Important Tax Aspects Of Operating Your Business As A Sole Proprietor

Important Tax Aspects Of Operating Your Business As A Sole ProprietorIf you’re in business for yourself as a sole proprietor, or you’re planning to start a business, you need to know about the tax aspects of your venture. Here are eight important issues and tax rules for sole proprietors to consider:

1. You report income and expenses on Schedule C of Form 1040

The net income is taxable to you regardless of whether you withdraw cash from the business. Your business expenses are deductible against gross income and not as itemized deductions. If you have any losses, they’re generally deductible against your other income, subject to special rules relating to hobby losses, passive activity losses and losses in activities in which you weren’t “at risk.”

2. You may be eligible for the pass-through deduction

To the extent your business generates qualified business income, you’re eligible to take the 20% pass-through deduction, subject to various limitations. The deduction is taken “below the line.” As such, this will reduce taxable income, rather than being taken “above the line” against gross income. You can take the deduction even if you don’t itemize and instead take the standard deduction.

3. You might be able to deduct home office expenses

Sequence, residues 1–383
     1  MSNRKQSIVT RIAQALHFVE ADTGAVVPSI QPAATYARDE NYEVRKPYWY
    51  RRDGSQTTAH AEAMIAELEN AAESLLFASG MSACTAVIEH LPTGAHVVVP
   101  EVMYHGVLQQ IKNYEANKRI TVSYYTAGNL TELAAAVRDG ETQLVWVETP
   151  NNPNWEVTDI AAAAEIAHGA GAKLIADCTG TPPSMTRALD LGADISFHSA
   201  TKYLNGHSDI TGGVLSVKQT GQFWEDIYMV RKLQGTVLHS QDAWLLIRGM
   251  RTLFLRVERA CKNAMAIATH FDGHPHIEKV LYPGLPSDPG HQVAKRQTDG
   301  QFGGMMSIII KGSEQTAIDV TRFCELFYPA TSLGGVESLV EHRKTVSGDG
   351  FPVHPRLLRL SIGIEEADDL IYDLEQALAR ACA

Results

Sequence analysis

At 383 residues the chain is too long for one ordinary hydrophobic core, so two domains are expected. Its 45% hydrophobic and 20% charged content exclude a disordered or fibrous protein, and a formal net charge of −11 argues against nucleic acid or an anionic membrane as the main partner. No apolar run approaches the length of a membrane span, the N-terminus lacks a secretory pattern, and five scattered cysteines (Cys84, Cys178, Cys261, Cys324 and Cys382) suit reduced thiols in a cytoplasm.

Do you work from home, perform management or administrative tasks from a home office or store product samples or inventory at home? If so, you may be entitled to deduct an allocable portion of certain costs. And if you have a home office, you may be able to deduct expenses of traveling from there to another work location.

4. You must pay self-employment taxes

For 2022, you pay self-employment tax (Social Security and Medicare) at a 15.3% rate on your self-employment net earnings of up to $147,000 and Medicare tax only at a 2.9% rate on the excess.

An additional 0.9% Medicare tax is imposed on self-employment income in excess of:

  • $250,000 for joint returns.
  • $125,000 for married taxpayers filing separately.
  • and $200,000 in all other cases.

As a sole proprietor, self-employment tax is imposable in addition to income tax. However, you can deduct half of your self-employment tax as an adjustment to income.

5. You can deduct 100% of your health insurance costs as a business expense.

This means your deduction for medical care insurance won’t be subject to the rule that limits your medical expense deduction to amounts in excess of 7.5% of your adjusted gross income.

6. a sole proprietor must make quarterly estimated tax payments

For 2022, these are due April 18, June 15, September 15 and January 17, 2023.

7. You should keep complete records of your income and expenses

Carefully record expenses in order to claim all of the deductions to which you are entitled. Certain expenses require special attention because they’re subject to special recordkeeping requirements or limits on deductibility. This includes automobile, travel, meals and home office expenses.

8. If you hire employees, you need a taxpayer identification number and you must withhold and pay over employment taxes

We can help

Contact us if you’d like more information or assistance with the tax or recordkeeping aspects of your business.